Pitch script. Do deal. Bank cheque.

You’ve written and rewritten, gotten notes, rewritten again, crossed the t’s and dotted the i’s and now what? What happens next?

by Jenny Frankfurt

If you are a writer with an agent or manager the script goes to them and they figure out where to send it and whom they think will respond. They know who is looking for what or they have relationships that allow them to call up and just ask various producers if they want to read your material. That’s their job.

What if you’re not at that stage yet? You’re without representation but you feel you have a piece of material that’s ready to be seen. Who is reading material, how do you find out and how is it appropriate to get it to them without literary representation?

In the US there are many very good, solid and industry recommended websites where you can pitch your screenplay or pilot to major producers and representatives. Some allow you to put your screenplay on the site and the creators of the site will lead producers and such to your material as it suits them.

Virtual Pitch Fest

www.virtualpitchfest.com is a great site which allows you to sign up for a number of pitches and choose from major studios, producers and representatives all of whom are letting the writer know exactly that they are looking for. They can ask for thrillers, comedies, science fiction, stories, etc… as well as also specifying what they don’t want to see.

You can then pitch the industry exec and they can say yes, please send it or no, and they’ll let you know why. It’s a good way to take the temperature of the town for the material you’re pushing. If your pitch isn’t working, reassess.

If too many people say they have projects like it, you might want to try another project as the concept has already saturated the market. It’s not too expensive, they always have deals and the contacts are very, very good. The owner David Kohner Zuckerman has done a great job putting it together and the industry has responded well to it. I have read some very good material from VPF.


Another great website in the US is www.inktip.com. This is a very precise way for producers, repress and executives to find material but it’s more active from the buyer’s side. However, it’s a very well regarded site, they do a lot of press and I’ve used it many times when I am looking for new material.

Inktip categorizes material very specifically, not just by genre but by writers with/without credits, their nationality, scripts that are a thriller but a horror/thriller, then a small budget or large budget and so on. So, it’s easy to really try and find exactly what you’re looking for. Once someone has read your logline they can see your CV and contact you for the screenplay. That way you’re directly in touch right away.

So, one comes from the writer – you, and another comes from the buyer – Hollywood. Both are really great ways of knowing what people are looking for and getting material to them. Writers have more control of course on VPF so that might be the best way to proceed.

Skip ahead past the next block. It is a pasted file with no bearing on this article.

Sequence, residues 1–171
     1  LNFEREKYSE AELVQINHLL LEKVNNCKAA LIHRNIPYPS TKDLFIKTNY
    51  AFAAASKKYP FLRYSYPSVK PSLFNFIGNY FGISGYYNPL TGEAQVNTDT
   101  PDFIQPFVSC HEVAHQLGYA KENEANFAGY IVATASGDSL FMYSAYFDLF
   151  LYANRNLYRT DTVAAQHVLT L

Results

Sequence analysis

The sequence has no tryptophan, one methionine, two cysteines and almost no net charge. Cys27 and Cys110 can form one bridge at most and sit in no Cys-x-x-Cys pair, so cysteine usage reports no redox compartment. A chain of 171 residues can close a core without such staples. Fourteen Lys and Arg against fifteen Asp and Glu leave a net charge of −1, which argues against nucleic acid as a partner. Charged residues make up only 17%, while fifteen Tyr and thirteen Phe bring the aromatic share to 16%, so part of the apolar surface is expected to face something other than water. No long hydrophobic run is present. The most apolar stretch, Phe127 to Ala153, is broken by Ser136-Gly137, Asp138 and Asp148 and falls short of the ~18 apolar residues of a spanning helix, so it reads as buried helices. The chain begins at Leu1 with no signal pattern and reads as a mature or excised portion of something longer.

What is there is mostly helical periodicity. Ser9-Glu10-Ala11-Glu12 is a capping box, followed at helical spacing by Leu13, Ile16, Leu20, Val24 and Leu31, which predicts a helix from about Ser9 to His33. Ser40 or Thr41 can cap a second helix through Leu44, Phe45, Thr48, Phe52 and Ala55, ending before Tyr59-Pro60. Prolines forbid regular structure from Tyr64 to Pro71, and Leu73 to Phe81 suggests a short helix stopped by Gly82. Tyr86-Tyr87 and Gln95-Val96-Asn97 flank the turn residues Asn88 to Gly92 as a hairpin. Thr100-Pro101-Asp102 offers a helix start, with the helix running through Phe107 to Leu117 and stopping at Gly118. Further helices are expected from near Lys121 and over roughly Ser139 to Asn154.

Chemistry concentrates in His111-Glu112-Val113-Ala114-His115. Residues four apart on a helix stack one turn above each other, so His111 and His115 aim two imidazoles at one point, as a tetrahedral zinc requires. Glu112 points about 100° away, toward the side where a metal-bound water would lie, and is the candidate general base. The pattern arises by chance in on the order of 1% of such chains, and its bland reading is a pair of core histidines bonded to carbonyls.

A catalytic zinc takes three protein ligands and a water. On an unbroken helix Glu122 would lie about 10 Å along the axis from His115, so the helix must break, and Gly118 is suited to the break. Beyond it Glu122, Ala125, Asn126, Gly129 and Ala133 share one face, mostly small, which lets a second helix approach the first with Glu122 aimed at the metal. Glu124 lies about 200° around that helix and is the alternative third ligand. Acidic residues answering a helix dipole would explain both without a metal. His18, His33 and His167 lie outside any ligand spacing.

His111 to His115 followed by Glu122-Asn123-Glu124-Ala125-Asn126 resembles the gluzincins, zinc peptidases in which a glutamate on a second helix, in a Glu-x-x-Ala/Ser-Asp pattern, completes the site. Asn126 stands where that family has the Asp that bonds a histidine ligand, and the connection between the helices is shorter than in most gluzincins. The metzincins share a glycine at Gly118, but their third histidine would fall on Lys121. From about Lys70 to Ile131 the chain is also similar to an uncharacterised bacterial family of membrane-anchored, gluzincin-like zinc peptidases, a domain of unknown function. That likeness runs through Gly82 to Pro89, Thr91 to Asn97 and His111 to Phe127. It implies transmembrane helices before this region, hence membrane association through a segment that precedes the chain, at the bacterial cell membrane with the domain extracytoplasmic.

Query Letters

As for unsolicited letters. Oh boy, this is kinda tough. I have very rarely asked to read a script from an unsolicited query but nothing has ever come from it. I would definitely not do this to producers as most will just delete the email immediately.

The thing about Hollywood is that it’s all about relationships and all you need is a little ‘in’ and you can get somewhere. The basic rule when trying to know who is looking for what – and it’s the answer I get when I ask producers and studios for my own client’s information – is that they are looking for the best of your material.

They are looking for something that’s been gone over with a fine toothcomb, had notes done on it, and been written at the highest level you can achieve. Producers want to read good material. Period. If they don’t buy something from you this time around they’ll remember you’re a good writer the next time you have a project they’re more interested in.

One last thing and this is important. If you want to be in the entertainment business make it your job other than writing, to know as much as you can about various producers and studios. Don’t send a small indie film to Warner Bros. Know who likes what.

Look at the past list of what films the producer has made and assess your material and then approach. Don’t send Michael Bay a touching love story. It’s unlikely he will read it. You MUST be a part of your career, even and all the more so when you DO get representation.

It’s best for all that you are involved and have opinions and ideas about what to do with your material. The agent or manager is someone who guides and helps you but they’ve got a lot on their plate and you’ve got you on your plate, so help out and contribute to your cause – it will go a long way.

-Jenny Frankfurt

Jenny Frankfurt has been a literary manager for the past twenty years, and runs her own company Highstreet Management, based in Los Angeles, where she represents writers and intellectual property around the world.

Prior to this she was Head of the Literary Department for Handprint Entertainment and has worked at both The William Morris Agency and ICM.

Jenny also blogs and tweets.

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